Note: You may encounter the following error message: 

Failed to locate Gaussian scratch directory

Ignore this error by simply hitting the "OK" button. GaussView should open.

3. Constructing a molecule. Construct your molecule of interest in the blue window (which should initially be blank): 



Right click anywhere on the blue window and select "Builder." Click "Ring fragment." Right click, select "Builder" again, and then click "Fragment" and select benzene. Click anywhere in the blue window to place the benzene ring. 

Now, right click again and select “Builder”. Select “Element Fragment” which should pull up aperiodic table. Select the oxygen fragment on the far right. Click on any hydrogen atom of the ring to substitute one of the hydrogens for a hydroxyl group.Then select the carbon fragment on the far right. Click on the hydrogen atom of the hydroxyl group to substitute this hydrogen atom for a methyl group.




Your anisole molecule should look like this: 



Note: Anisole has a planar conformation of the methoxy group, for experimental evidence please refer to Phys. Chem. Chem. Phys. 2001, 3, 1407-1410. (4)

4. Optimization and Frequency Calculations of the initial state in the gas phase. Now save the structure you just constructed as the Gaussian input file File -> Safe anisole_S0.com. Then quit GuassView and go back to the terminal window.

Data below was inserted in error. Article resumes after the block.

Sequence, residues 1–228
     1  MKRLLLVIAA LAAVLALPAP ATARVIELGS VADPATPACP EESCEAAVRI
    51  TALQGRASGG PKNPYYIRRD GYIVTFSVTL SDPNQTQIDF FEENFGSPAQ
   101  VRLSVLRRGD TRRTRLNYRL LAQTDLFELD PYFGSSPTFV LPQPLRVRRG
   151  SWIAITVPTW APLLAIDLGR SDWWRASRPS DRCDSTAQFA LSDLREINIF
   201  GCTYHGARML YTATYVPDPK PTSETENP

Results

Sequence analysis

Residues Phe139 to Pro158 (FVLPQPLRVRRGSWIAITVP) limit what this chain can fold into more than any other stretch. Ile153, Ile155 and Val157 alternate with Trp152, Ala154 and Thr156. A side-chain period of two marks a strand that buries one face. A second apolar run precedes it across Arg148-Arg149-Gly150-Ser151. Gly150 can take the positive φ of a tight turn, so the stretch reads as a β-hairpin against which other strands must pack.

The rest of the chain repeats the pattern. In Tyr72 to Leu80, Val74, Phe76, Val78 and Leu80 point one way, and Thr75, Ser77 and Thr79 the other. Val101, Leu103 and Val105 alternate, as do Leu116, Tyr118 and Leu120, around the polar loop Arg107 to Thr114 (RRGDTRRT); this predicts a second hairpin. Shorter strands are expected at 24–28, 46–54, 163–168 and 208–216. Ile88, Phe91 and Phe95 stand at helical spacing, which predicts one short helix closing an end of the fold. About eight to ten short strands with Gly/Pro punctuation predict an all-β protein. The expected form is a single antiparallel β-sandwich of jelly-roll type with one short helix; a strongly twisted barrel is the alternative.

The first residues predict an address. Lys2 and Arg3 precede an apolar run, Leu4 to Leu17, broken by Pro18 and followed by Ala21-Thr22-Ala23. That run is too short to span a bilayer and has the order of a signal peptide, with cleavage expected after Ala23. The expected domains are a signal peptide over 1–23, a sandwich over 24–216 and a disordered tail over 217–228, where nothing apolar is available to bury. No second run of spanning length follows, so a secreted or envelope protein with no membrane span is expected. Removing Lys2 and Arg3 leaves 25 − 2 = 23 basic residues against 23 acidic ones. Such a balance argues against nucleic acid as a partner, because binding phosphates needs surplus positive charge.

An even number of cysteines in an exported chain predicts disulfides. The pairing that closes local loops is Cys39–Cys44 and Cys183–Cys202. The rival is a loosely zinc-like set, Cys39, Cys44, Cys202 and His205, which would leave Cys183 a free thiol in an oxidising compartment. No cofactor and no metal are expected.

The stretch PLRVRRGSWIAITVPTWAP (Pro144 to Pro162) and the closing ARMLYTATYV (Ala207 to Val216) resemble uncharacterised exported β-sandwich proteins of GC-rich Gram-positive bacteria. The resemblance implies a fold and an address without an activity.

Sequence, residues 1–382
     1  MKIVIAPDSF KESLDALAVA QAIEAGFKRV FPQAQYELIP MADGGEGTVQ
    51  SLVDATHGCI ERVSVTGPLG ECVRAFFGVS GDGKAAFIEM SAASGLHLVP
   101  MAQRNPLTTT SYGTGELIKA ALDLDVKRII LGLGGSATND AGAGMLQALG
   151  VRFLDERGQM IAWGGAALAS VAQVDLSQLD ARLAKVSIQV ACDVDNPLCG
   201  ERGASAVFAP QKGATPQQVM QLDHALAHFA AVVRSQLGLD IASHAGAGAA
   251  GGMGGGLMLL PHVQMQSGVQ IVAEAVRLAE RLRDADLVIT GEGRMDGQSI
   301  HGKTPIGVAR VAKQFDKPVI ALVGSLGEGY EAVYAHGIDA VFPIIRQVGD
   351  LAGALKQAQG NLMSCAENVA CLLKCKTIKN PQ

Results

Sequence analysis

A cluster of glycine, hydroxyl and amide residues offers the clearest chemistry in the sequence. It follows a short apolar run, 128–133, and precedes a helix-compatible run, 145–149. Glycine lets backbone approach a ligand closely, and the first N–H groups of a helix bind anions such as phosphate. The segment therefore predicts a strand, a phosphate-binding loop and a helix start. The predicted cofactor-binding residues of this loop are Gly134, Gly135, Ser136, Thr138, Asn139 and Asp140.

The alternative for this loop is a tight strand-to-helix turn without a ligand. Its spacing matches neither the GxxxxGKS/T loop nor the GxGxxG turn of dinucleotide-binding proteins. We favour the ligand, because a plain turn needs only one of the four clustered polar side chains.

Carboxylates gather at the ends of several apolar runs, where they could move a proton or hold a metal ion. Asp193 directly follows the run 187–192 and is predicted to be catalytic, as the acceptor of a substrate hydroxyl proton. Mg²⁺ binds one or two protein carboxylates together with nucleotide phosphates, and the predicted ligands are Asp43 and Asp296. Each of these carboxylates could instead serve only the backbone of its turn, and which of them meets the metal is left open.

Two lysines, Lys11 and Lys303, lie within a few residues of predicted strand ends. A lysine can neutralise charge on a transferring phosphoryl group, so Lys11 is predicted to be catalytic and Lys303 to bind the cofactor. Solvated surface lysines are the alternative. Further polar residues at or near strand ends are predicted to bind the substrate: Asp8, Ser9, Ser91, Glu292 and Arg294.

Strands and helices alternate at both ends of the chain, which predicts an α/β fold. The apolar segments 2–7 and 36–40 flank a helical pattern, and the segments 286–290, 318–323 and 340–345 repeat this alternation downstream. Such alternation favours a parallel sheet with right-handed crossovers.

Type the following command to edit the input file: 

> vim anisole_S0.com

Replace the route section (line 2) with the keywords below. Vim/vi refresher: move cursor to the line 2, press "dd" , to delete the line, press i to enter the Insert mode of vim/vi, copy and paste the line below. Now quit Vim/vi: 
press Exc to switch to the Command mode and press ":" then type wq (for write and quit) and press enter. 

#p opt Freq=SaveNM B3LYP/6-31G (d) geom=connectivity

These keywords will start a Gaussian job which first optimizes the geometry for the initial state and then calculates the frequencies of the optimized geometry.By using the option freq=SaveNM, the frequency information will be saved in the checkpoint file anisole_S0.chk. For this job we choose B3LYP as the functional and 6-31G(d) as the basis set, which should be sufficient to give relatively accurate results. Save the input file and quit Vim.